Program leaders also significantly improved their perceived ability to explain the key learning points of the skills taught in the Active Start and FUNdamentals programs, and to modify activities for children not experiencing success. We are now following up with program leaders in BC with face-to-face interviews.

Project Title: Indoor Sledge Hockey – Sled Design

Investigators: Ross Lyle (Camosun), Rich Burman (Camosun), Dr. Andy Van Neutegem (Camosun)

Overview: This projects involves the (re-)engineering and construction of indoor sleds from the sport of sledge hockey. Currently, there are approximately 8 poorly maintained and constructed indoor sleds in British Columbia ‘rented’ out by Sportability BC throughout the province to promote the sport of sledge hockey. The Centre for Sport & Exercise Education (CSEE) provides significant curriculum investment in teaching and training students in the delivery of adapted physical activity and disability sport opportunities. In November 2016, as part of the SFL 330 Adapted Sport course, students used indoor sleds to receive training and instruction in the promotion and instructing of indoor and on-ice sledge hockey. Students used these indoor sleds from Sportability BC to deliver two pilot sessions in two local high schools. The indoor sledge hockey activities have led to a collaboration between PISE and OneAbility to initiate an on-ice sledge hockey program in Victoria that has Camosun students promoting and instructing new participants. This projects has the goal of developing 12 user-friendly and safe indoor sleds that provide an authentic experience matching the on-ice experience of sledge hockey. The over-arching vision is to use the proposed new indoor sleds in the SFL 330 curriculum and to expand the opportunities to include programs in both PISE and local community schools. Our students would continue to be trained and educated in sledge hockey and specifically the teaching and use of indoor sledge hockey sleds. Students would gain significant hands-on experience in the delivery of inclusive physical activity programming and develop an appreciation and understanding of the skills and attitudes in working with participants with different abilities. It is expected that Mechanical Engineering and BSFL students would work collaboratively (with the support of faculty) to design the indoor sleds.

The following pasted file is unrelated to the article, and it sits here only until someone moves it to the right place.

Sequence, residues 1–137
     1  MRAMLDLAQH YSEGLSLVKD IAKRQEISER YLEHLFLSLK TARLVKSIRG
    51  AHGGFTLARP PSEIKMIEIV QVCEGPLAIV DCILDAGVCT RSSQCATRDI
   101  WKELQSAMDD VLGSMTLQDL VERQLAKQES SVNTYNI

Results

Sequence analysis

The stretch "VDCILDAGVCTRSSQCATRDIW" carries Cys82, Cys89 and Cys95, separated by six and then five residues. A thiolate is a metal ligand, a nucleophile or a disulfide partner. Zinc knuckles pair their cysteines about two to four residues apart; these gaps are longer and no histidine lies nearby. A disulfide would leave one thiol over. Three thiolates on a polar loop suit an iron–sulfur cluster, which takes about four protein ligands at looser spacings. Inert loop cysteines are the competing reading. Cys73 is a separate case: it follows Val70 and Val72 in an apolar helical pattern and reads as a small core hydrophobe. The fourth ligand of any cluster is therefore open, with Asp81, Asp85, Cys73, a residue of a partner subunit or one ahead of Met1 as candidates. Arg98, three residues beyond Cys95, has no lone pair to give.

The project is expected to take 6-8 months in design and construction of 12 new indoor sleds.

More information coming soon!

Andy Van Neutegem

Andy-Van-NeutegemAndy has a PhD in sport psychology, specifically, maladaptive behaviours resulting from career transition in sport.  He is a Faculty member of Camosun’s four-year Sport and Fitness Leadership Degree program.  He is also an adjunct Professor at the University of British Columbia in the Master’s degree in High Performance Coaching & Technical Leadership.